The moral debates continued to see good as merely that which gives happiness or pleasure. His ideas presents good morals that would lead to a better world. From the idea of moral equality, which amounts to the claim that all rational agents have equal moral status, one is meant to arrive at both a positive and a negative principle of impartiality:.
That is, such considerations provide reasons to acknowledge in maxims and action the claims that the morally legitimate ends of others particularly their needs have on us. This rather substantive impartiality principle, however, does not follow from the commitment to the abstract and formal idea of moral equality. Having equal moral status does not imply that everyone who is similarly situated has reasons to adopt and pursue general ends.
More importantly, this, in turn, does not imply that anyone has reasons to pursue the legitimate ends of others and that one agent's ends can give rise to claims on other agents. A situation in which everyone only has reasons to pursue their own ends is perfectly compatible with a commitment to moral equality. Rather than being derived from the idea of moral equality, this impartiality principle, which effectively builds in something that is very close to the duty of beneficence, appears to be simply stipulated.
Relatedly, two problems arise when it comes to the supposed derivation of the duty of beneficence from the principle of impartiality.
First, as they note, "this principle presupposes that there are humanity-based reasons for individuals to set and strive to achieve ends" p. This, however, is problematic.
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The ends that are to be promoted through beneficence are meant to be discretionary ends. They are desire-based, not humanity-based. This brings out that the impartiality principle put forward by Timmons and Smit let alone the idea of moral equality is not a suitable principle for deriving beneficence. Far from it being the case that the reasons are shared by everyone who is relevantly situated, there is a crucial difference between the reasons that an agent has to pursue his or her own ends and the reasons that people have to be beneficent.
The reasons that I have to pursue my ends are desire-based, yet the reasons that others have to help me in the pursuit of my ends are humanity-based.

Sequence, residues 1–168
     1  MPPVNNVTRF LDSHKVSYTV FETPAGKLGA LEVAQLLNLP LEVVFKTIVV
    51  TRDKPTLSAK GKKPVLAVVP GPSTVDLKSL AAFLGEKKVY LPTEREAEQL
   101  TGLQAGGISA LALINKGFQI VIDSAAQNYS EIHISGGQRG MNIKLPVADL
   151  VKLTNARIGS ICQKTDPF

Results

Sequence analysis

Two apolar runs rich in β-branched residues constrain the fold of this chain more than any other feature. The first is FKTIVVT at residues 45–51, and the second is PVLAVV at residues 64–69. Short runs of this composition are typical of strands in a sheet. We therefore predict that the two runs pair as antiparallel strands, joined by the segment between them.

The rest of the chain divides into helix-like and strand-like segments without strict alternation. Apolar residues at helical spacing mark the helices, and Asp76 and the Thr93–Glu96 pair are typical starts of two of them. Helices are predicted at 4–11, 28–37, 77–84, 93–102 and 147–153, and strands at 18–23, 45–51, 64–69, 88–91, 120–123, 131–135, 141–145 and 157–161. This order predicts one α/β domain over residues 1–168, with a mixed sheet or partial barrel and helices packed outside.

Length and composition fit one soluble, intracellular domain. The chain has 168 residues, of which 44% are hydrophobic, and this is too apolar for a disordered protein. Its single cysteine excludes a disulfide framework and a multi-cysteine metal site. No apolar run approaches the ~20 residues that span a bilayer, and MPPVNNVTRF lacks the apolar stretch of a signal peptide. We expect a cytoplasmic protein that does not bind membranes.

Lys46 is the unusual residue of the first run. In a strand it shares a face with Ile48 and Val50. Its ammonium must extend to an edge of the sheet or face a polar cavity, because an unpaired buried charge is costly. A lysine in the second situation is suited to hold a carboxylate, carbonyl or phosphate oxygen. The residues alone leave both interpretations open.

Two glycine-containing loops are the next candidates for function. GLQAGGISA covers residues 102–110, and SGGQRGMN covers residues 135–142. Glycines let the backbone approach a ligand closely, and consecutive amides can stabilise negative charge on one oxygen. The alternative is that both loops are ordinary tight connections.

What You Should Know About Kant's Ethics in a Nutshell
Second, humanity-based reasons, which derive from non-discretionary ends, are meant to be superior to desire-based reasons, which derive from discretionary ends. Yet, it is not clear how this is meant to apply to an imperfect duty, such as the duty of beneficence, without giving rise to an unduly demanding duty that requires one to always give priority to the happiness of others over one's own merely prudential ends.
The principle of impartiality contains the parenthetical remark ' especially the needs ', which might be taken to partially mitigate concerns of demandingness, however it is far from clear how a restriction to, or special concern with, needs would follow from the principle of moral equality. Timmons and Smit indicate that they consider reasons that relate to imperfect duties to be favouring rather than requiring reasons cf. This, however, is not satisfactory. On the one hand, the notion of superiority has no clear interpretation in the case of favouring reasons at any rate none that would not have radically demanding implications.
On the other, it is not clear how the bifurcation into favouring and requiring reasons is to be derived from the single requirement to treat humanity as an end-in-itself rather than merely as a means, especially given that humanity is to be understood as a "limiting condition" and is to be construed merely "negatively" as something against which one is not to contravene Groundwork, , Thanks to Mark Timmons and Houston Smit for helpful comments.